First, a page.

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The Host (2007) The inconvenient truth about illegally dumping toxic chemicals down Korean drains is that years later, a giant mutant sea monster will rise up out of… 2007-03-09 R PT119M Horror Byun Hee-bong Song Kang-ho Bae Doo-na Magnolia Pictures
Movie Review

The Host (2007)

MPAA Rating: R

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TOXIC SHOCK Bae Doo-na, both aunt and archer in The Host , which proves nothing says pollution is bad like a Korean mutant monster
TOXIC SHOCK Bae Doo-na, both aunt and archer in The Host, which proves nothing says pollution is bad like a Korean mutant monster
EW's GRADE
A-

Details Limited Release: Mar 09, 2007; Rated: R; Length: 119 Minutes; Genre: Horror; With: Byun Hee-bong and Song Kang-ho; Distributor: Magnolia Pictures

The inconvenient truth about illegally dumping toxic chemicals down Korean drains is that years later, a giant mutant sea monster will rise up out of the polluted waters of Seoul's Han River to terrorize the populace, sure as Godzilla rose out of 1950s H-bomb testing in the South Pacific. The silver lining to the toxic cloud is that Bong Joon-ho, the playful and stylish director of The Host, knows his Godzilla, his B movies, his pop culture, and his video culture, too. His wildly entertaining saga should become the hip, thinking-person's monster movie of choice.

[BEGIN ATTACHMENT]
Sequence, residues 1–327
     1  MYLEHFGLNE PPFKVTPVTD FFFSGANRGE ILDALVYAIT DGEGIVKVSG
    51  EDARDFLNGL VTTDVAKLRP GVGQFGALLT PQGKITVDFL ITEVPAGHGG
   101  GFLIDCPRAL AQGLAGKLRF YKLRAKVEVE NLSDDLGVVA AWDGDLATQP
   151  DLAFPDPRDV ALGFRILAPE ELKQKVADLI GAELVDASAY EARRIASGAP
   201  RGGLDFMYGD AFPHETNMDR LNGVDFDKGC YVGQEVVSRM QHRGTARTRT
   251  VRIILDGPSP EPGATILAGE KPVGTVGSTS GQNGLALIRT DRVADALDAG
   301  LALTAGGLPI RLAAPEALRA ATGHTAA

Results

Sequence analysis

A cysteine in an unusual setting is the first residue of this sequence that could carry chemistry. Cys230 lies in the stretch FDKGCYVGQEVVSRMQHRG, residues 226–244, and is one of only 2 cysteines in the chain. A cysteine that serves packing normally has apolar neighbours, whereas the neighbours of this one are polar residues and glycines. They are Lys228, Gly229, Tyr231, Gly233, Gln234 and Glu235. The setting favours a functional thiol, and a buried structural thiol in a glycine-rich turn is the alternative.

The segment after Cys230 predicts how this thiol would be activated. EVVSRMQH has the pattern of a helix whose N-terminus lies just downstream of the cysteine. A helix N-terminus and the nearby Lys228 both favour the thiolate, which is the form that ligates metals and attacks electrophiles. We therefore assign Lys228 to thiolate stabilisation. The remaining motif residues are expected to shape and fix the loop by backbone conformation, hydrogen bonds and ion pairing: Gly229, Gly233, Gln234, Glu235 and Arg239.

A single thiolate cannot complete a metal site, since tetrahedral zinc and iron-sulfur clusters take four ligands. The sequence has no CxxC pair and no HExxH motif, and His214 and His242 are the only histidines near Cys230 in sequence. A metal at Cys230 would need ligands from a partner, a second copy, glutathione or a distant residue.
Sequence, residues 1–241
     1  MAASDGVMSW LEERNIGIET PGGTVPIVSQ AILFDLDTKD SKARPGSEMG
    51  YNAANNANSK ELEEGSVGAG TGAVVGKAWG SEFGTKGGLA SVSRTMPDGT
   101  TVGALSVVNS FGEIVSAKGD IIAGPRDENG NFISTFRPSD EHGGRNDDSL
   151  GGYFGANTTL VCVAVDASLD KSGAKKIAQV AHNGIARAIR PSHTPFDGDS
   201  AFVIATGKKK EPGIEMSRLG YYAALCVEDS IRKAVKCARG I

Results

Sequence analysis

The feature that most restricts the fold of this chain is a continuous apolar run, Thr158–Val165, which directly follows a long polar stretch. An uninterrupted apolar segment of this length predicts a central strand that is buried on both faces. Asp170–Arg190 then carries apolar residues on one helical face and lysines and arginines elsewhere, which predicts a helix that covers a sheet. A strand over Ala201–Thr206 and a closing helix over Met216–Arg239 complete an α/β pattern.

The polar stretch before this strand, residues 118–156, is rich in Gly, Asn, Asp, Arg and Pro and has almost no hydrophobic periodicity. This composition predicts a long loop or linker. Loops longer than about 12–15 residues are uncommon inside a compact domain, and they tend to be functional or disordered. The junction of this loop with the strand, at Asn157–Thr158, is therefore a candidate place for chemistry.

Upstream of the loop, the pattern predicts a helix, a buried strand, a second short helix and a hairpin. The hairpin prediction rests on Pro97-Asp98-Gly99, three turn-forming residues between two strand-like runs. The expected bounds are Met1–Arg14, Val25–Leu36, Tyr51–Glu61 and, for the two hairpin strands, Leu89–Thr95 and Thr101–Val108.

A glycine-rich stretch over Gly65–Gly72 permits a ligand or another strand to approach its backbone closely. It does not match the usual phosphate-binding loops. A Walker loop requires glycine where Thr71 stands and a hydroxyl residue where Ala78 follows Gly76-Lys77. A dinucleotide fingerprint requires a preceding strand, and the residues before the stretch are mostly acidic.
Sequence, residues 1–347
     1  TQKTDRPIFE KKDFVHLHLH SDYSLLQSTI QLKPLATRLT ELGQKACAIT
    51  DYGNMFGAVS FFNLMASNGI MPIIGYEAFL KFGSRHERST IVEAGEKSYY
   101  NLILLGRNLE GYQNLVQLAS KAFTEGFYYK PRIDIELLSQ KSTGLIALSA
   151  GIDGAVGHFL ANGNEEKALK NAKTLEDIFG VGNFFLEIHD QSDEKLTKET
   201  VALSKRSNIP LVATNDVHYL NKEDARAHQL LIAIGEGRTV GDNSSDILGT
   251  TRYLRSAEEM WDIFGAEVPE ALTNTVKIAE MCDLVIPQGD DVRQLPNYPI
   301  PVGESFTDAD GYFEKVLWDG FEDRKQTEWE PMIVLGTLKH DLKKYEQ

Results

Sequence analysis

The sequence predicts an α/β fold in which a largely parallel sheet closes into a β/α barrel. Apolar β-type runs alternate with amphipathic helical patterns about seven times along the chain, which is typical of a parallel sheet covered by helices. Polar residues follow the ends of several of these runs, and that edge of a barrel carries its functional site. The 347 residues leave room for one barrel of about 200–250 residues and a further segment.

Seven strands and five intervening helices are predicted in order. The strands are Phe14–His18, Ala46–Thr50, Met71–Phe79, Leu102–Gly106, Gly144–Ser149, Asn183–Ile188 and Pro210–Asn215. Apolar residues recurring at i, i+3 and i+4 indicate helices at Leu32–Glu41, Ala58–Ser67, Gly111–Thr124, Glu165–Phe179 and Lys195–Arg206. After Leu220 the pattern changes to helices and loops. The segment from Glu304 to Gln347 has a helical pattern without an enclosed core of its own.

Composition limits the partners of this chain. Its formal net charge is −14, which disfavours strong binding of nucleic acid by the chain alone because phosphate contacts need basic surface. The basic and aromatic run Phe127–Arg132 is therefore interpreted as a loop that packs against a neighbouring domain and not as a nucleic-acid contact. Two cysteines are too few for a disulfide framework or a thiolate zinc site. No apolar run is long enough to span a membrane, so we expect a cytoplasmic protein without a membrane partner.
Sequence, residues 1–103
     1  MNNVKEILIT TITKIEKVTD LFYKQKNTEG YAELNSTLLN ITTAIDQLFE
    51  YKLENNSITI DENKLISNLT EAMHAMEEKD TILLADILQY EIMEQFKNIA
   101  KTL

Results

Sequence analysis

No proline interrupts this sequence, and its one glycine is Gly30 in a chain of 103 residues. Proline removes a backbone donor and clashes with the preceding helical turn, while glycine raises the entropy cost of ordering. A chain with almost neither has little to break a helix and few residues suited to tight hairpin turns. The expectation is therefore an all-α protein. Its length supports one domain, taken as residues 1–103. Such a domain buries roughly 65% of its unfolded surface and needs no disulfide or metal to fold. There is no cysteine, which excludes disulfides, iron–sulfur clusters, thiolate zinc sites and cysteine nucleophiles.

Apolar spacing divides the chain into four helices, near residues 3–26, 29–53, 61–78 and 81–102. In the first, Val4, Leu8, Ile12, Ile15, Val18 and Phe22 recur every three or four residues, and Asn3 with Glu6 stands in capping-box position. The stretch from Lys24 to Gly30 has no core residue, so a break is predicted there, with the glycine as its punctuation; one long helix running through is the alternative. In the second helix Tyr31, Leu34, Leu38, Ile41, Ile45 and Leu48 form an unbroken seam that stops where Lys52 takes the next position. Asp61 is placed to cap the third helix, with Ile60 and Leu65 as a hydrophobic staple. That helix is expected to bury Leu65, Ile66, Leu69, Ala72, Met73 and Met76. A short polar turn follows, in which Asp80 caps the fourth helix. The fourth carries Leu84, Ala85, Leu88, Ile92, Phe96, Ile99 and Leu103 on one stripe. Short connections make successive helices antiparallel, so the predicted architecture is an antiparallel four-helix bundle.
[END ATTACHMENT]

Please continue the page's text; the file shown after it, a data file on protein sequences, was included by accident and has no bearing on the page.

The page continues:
The thing that gobbles in a bravura display of CGI is an indiscriminate eater of human bystanders. But the river monster wraps a tentacle around Park Hyun-seo (Ko A-sung), a pretty schoolgirl, with save-for-snack delicacy, leaving her dysfunctional family — father, grandfather, uncle, and archery-champion aunt — to chase after the slimy, amoral beast. When the filmmaker isn't eliciting honest empathy, he is sneaking in lively, absurdist commentary about SARS, mass hysteria, health-care bureaucracy, consumerism, and American-Korean relations: For instance, it was an arrogant U.S. Army doctor who ordered his Korean assistant to pour the poison down the drain; officious health officials quarantine frightened citizens on the unproven grounds that they have been infected with a virus; and TV crews roam an auditorium filled with families mourning their eaten dead, zooming in on scenes of grief. The picture makes for a very unstreamlined two hours. But while The Host sometimes idles, it never drags. Instead, it wriggles with bioenergy and cinematic life.

Originally posted Mar 07, 2007 Published in issue #925 Mar 16, 2007 Order article reprints